Skype has yet another new design, but hasn’t fixed its core problems

Skype has yet another new design, but hasn’t fixed its core problems
Credit: Skype

Microsoft today announced it would be walking back previous updates to Skype, and returning to the basics of video calling and messaging. Essentially, it’s finally dropped the hokey makeover it forced on users last year. While it’s nice to see Microsoft eating a proper amount of crow over that, it’s still not enough to induce me to return to an app that was giving me fits long before that point.

Over a year ago, Skype decided to switch over to a fuchsia-and-teal layout, filled with colorful squiggles, confusing features, and the much-maligned “Highlights” — which was basically Snapchat Stories. In case you’d forgotten, Skype was probably the last, and most unexpected app to jump on the Snapchat-copying bandwagon Facebook was driving at the time.

Users called it out for this unnecessary and unasked-for change in scathing reviews, saying they “hated it” and it “makes no sense.” Let’s just say I concurred. Peter Skillman, the director of design for Skype and Outlook, summed up the prevailing opinion on the redesign when he said:

This past year we explored some design changes and heard from customers that we overcomplicated some of our core scenarios. Calling became harder to execute and Highlights didn’t resonate with a majority of users.

To that end, Microsoft is essentially pulling the app back to its pre-reboot design. It’s cutting out things such as the squiggly notifications, saying they “weren’t core to getting things done.” The deuce you say! The justifications for things such as Highlights appeared to be: “Well, everyone else is doing it.” I think Skype has made itself a pretty good case study for why not everyone needs (or is capable enough) to copy Snapchat.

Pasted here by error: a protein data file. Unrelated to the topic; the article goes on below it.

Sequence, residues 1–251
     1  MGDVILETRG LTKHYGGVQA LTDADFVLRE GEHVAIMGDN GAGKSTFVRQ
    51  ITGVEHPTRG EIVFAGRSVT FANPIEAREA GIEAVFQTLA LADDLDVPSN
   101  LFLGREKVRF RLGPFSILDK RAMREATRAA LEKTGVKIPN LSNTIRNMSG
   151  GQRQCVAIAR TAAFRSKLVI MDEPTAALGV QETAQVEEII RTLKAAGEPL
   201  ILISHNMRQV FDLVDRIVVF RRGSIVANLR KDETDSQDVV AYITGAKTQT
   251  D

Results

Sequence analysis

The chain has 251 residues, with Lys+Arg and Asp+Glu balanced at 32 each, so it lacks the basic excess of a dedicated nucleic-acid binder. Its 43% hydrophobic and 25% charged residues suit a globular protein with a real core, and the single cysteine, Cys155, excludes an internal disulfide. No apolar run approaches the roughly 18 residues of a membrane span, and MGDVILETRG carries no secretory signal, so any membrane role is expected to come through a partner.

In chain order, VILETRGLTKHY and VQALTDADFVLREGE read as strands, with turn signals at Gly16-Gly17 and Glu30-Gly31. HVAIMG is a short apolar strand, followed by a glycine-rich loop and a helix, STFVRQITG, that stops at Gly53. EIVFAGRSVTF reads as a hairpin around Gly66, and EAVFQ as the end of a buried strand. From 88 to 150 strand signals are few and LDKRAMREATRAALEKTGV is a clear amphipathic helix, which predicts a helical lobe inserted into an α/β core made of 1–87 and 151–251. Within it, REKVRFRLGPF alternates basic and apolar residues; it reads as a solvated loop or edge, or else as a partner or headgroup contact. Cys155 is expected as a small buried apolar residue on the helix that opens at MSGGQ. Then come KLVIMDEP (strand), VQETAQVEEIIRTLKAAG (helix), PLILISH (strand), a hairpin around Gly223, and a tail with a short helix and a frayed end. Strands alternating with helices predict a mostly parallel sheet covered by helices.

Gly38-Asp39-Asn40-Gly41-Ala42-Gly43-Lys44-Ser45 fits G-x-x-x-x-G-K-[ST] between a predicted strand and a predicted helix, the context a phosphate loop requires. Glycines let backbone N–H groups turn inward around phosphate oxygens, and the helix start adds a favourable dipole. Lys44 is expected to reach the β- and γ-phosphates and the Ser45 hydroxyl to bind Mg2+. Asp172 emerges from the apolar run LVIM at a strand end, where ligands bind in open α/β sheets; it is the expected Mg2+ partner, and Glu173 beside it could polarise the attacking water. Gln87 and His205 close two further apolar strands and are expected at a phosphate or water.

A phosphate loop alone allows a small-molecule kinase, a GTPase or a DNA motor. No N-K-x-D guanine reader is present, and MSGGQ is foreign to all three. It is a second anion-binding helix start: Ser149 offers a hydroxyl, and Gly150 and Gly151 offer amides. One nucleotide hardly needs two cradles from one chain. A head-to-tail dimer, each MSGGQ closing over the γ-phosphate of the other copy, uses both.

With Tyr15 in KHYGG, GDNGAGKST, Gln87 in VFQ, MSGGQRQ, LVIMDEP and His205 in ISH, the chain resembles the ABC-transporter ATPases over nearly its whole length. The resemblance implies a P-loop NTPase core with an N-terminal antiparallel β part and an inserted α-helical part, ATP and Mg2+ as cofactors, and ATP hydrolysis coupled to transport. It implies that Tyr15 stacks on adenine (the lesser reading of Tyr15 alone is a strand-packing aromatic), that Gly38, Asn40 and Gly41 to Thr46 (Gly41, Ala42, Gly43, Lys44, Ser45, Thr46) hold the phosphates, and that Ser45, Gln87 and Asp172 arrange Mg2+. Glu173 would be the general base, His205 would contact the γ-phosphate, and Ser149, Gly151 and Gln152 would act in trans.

But here’s the thing: As annoying and ugly as that update was, that wasn’t what made me quit using Skype — not really. I’d been having problems with the app and desktop site — which used to be my sole way of keeping in contact with my long-distance boyfriend — for a long time.

The lack of structured group chat for one thing — trying to arrange gaming sessions with friends I had on Skype was a nightmare and a half. I was also subject to near-constant call drops. For a long time, I thought it was my internet, until I shifted to other video-calling software and realized I was just having this issue with Skype. Also, notifications were inconsistent, delayed, and would occasionally spam from both devices on which I was logged in — meaning I sometimes had to manually log into and out of Skype on each device multiple times a day just to avoid being buried in notifications.

All of those things combined sent me scuttling for Discord earlier this year with only the occasional backwards glance. The Snapchat-flavored update and the upset over that were just a pink smokescreen for Skype‘s real issues, none of which were addressed in Microsoft‘s plan to return to “simplicity and familiarity.”

So it was an annoying app before, it’s probably still an annoying app now, and it just underwent a period where it was a really annoying app. I’m glad to see Skype get rid of its pretensions to being Snapchat, but there are still underlying problems that need to be addressed.

Simplicity and familiarity—updates to the Skype user experience on Skype

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